It is frequently sung as an office or recessional hymn in English cathedrals, churches and chapels on St George's Day. The hymn is also sung in some churches on "Jerusalem Sunday"[citation needed], a day set aside to celebrate the Holy city of Jerusalem in Anglican Churches throughout the world and even in some Episcopal Churches in the United States. However some clergy in the Church of England have refused to allow it in their churches on the grounds that it is too nationalistic and is not a prayer to God.[11]

There have been calls to give "Jerusalem" official status.[6]

In 2000 a rendition of "Jerusalem" by Fat Les was adopted by the English Football Association as the England football team's official song for the UEFA Euro 2000 competition.[12] Jerusalem has been the ECB's official hymn[13] since 2003,[4] being played before the start of play each day of home test matches. Although God Save the Queen was the anthem sung by England players before games at ICC events and recent Ashes series.

Land of Hope and Glory[edit]

Land of Hope and Glory has long been traditionally played amidst much flag-waving at the climax of the Last Night of the BBC Proms.

At international rugby league matches, England often sang Land of Hope and Glory as their national anthem (but since the 2005 internationals switched to God Save the Queen). The song was also used once as the victory anthem of England at the Commonwealth Games[14] until Jerusalem was adopted in 2010. England has no official national anthem, and usually just adopts the United Kingdom's official anthem, God Save the Queen during sporting events, though there are calls for this to be changed.[15][16] A 2006 survey conducted by the BBC suggested that 55% of the English public would rather have Land of Hope and Glory than God Save the Queen as their national anthem.[17]

In 2016 MP's Approved A Bill in the House of Commons which included a debate about the English National is currently at its second reading.[18]

Other English patriotic songs[edit]

I vow to thee my country is a popular patriotic English hymn. Other English patriotic songs which have been proposed as possible national anthems of England include traditional songs such as "Rose of England", an English patriotic song written by Ivor Novello in 1937 for his musical Crest of the Wave, and popularised by Vera Lynn. The flower to which the song's lyrics refer is one of England's national emblems, the Tudor Rose. Also, "There'll Always Be an England", an English patriotic song, written and distributed in 1940 and highly popular throughout World War II. It was composed and written by Ross Parker. The words were written by Hughie Charles, and the most popular version was sung by Vera Lynn. 1950s comedy duo Flanders and Swann premiered "Song of Patriotic Prejudice" (with refrain "The English, the English, the English are best/I wouldn't give tuppence for all of the rest") in their At the Drop of Another Hat revue in London on 2 October 1963. Also proposed have been modern patriotic songs such as "A Place called England" written by English folk singer Maggie Holland, which won the Best Original Song award at the 2000 BBC Radio 2 Folk Awards.[19]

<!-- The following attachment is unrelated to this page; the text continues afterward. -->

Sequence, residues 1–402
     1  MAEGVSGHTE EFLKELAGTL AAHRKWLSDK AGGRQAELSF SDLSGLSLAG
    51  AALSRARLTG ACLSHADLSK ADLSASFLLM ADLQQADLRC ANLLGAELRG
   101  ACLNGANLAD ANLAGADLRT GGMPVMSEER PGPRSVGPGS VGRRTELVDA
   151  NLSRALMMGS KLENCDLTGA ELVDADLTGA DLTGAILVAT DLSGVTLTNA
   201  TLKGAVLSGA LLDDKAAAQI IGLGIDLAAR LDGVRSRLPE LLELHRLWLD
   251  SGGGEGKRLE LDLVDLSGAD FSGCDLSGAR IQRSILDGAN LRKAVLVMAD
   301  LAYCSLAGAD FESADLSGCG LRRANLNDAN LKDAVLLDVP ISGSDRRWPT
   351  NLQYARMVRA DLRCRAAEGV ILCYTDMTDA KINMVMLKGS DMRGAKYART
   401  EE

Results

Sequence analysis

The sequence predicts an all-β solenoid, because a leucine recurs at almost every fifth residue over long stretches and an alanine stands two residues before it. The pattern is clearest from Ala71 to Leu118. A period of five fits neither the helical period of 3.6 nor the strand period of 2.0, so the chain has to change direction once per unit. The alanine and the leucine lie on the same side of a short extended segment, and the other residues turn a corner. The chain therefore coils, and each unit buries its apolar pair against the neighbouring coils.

1. ^
  2. ^
  3. ^ a b We are England (30 May 2010). "England announce victory anthem for Delhi chosen by the public!". Commonwealth Games England. Retrieved 23 March 2013. 
  4. ^ a b "Sing Jerusalem for England!". BBC News. 6 September 2005. Retrieved 15 June 2008. 
  5. ^ Mulholland, Greg (20 April 2007). "Early Day Motion EDM 1319, English National Anthem". House of Commons Information Office. Retrieved 15 June 2008. 
  6. ^ a b Kawczynski, Daniel (18 October 2006). "Early Day Motion EDM 2791, English National Anthem". House of Commons Information Office. Retrieved 15 June 2008. 
  7. ^ "World Cup RL anthem plea by Leeds MP". Yorkshire Evening Post. 1 May 2008. Retrieved 15 June 2008. 
  8. ^ Mulholland, Greg (28 April 2008). "Early Day Motion EDM 1429, English National Anthem for the Rugby League World Cup". House of Commons Information Office. Retrieved 15 June 2008. 
  9. ^ We are England (23 April 2010). "Nation to chose anthem for England's medalists in Delhi". Commonwealth Games England. Retrieved 23 March 2013. 
  10. ^ "MPs back calls for English national anthem". BBC News. BBC. 12 January 2016. Retrieved 12 January 2016. 
  11. ^ Borland, Sophie (18 April 2008). "Cathedral bans popular hymn Jerusalem". Daily Telegraph. Retrieved 15 June 2008. 
  12. ^ "Fat Les score for England". BBC News. 8 May 2000. Retrieved 15 June 2008. 
  13. ^ Anthem4england, 08.05.2007
  14. ^ Anthem 4 England – Land of Hope and Glory
  15. ^ Welcome (14 September 2005). "| Anthem 4 England". Retrieved 23 March 2013. 
  16. ^ "Comment & Analysis". Republic. 29 October 2011. Retrieved 23 March 2013. 
  17. ^ BBC survey on English national anthem
  18. ^ [1]
  19. ^ "BBC Radio 2 Folk Awards Previous winners". BBC Radio 2 Folk Awards. Retrieved 15 June 2008.